Wolverine #305: Lone Wolf, Or Not Lone Wolf?

How does the new creative team fare with the Ol' Canucklehead? We give kudos to Paul Pelletier on the art.

Iann Robinsonby Iann Robinson

Wolverine #305

After wishing for it over the past two years, my beloved Wolverine finally got a new creative team. Most importantly, Cullen Bunn replaced “writer” Jason Aaron, which gave me high hopes for the new direction. Sadly, the new team stumbles in their debut. Wolverine #305 is bizarre because it feels so out of place. Granted, the story and villain are B-Movie cliché, but that’s not the main problem. A Wolverine solo story doesn’t work the way it used to. Our hero was a lone wolf, now he’s plugged into almost everything in the Marvel Universe.  Wolverine was always in every issue Marvel could spit out, but now he’s central to them.

Let’s get the story problems out of the way. #305 opens with two cops standing over three mutilated bodies. Apparently, this killing spree has been going on for weeks and the cops are stumped. Cue a little boy who saw the latest murders from his window. The boy draws a picture of what he saw and, of course, it’s Wolverine. Jump to Wolverine in a bar. He’s getting hit on by the sexy waitress and fighting off flashes of seeing her mutilated corpse. Wolverine explains through his inner monologue that somebody has been controlling him and he knows who it is. That’s the first problem, Bunn uses way too much exposition.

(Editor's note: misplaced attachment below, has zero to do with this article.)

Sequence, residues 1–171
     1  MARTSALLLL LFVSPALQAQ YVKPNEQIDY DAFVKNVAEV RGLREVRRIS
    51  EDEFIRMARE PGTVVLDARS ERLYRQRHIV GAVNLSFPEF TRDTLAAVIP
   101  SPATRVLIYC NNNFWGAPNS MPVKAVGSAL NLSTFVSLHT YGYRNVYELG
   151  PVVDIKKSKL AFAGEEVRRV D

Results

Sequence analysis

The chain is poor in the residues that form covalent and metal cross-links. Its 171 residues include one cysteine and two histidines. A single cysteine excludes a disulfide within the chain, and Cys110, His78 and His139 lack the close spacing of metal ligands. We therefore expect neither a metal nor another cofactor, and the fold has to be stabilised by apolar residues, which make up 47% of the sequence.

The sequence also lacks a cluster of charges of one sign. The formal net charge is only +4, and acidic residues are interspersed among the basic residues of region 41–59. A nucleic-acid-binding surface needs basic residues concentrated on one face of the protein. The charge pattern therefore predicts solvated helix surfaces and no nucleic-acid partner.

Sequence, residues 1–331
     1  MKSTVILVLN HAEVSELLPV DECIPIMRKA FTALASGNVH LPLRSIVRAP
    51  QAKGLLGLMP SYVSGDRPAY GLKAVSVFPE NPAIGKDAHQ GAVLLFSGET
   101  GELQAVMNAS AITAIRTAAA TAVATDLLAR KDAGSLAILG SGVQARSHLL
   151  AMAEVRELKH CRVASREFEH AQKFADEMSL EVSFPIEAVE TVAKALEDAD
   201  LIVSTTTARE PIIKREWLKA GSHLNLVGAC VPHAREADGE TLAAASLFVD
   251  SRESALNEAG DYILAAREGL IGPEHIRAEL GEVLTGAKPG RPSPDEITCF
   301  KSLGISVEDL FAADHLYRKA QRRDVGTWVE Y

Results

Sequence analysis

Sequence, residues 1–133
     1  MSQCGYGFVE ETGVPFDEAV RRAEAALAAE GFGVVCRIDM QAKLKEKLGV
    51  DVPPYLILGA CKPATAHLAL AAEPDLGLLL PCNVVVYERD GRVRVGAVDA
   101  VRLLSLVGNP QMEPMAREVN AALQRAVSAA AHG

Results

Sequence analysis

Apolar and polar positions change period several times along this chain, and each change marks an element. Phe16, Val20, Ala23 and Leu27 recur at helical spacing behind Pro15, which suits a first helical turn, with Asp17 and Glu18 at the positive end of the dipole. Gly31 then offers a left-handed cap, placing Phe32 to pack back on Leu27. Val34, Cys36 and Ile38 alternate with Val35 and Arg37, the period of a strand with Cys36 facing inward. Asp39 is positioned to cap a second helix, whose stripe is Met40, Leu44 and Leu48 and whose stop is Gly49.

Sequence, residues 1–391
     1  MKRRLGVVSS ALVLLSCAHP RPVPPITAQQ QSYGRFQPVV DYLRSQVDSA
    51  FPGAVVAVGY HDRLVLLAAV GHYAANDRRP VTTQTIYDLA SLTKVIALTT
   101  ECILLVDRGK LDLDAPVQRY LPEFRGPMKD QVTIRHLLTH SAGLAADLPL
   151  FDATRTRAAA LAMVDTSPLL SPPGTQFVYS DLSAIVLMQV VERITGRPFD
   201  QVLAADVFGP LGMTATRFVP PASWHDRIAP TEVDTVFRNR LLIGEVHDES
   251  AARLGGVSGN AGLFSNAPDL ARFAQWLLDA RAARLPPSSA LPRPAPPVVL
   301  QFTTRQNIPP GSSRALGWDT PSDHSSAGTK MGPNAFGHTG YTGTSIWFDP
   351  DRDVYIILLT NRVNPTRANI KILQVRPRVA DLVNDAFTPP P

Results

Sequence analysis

Wolverine visits an old sanitarium he used to be locked up in. Apparently, this new villain once ran things here and he’s a bit of a madman. After battling some mutant brain monsters, Wolverine heads off to find his mark, not knowing that the villain is watching him. Back at the Jean Grey School, the feds have descended to try and find Logan (aka Wolverine) for questioning. This entire story reads like a bad late night horror movie on cable. The hero being controlled, the cops put on his trail from the little kid witness, the crazy villain who wears a human skin apron and performs surgery and bloody mutilations while assisted by his buxom and scarred “nurse”. The sanitarium angle, the monsters, the good man against impossible odds, its all way too contrived for my taste.

The lackluster story aside, the real problem is Marvel trying to milk Wolverine at both ends. In one series, he’s a concerned father figure trying to run a school and keep kids from killing and hurting each other. He’s also a card-carrying member of the Avengers who is in the middle of the entire Avengers Vs. X-Men battle. Wolverine #305 just ignores all of that to try and keep milking his loner/rebel side, and it doesn’t work. This issue should have told a deeper story within either the Jean Grey School or Avengers Vs. X-Men. If Marvel is going to keep Logan as an integral part of their bigger stories, they can’t have him running off for solo adventures, especially ones this derivative.

Paul Pelletier’s art is the star of issue #305. I love how he draws Wolverine, I also love his hybrid of modern and '70s-style comic book art. His work has a dirty feel to it, like a dark, violent horror story. Pelletier has a great handle on what makes action leap off a page and his detail work is extraordinary. I’m hoping as the issues wear on that Bunn’s writing will catch up to Pelletier’s pencils. For now, I’m just happy Jason Aaron is gone.

7

(5 Art, 2 Story)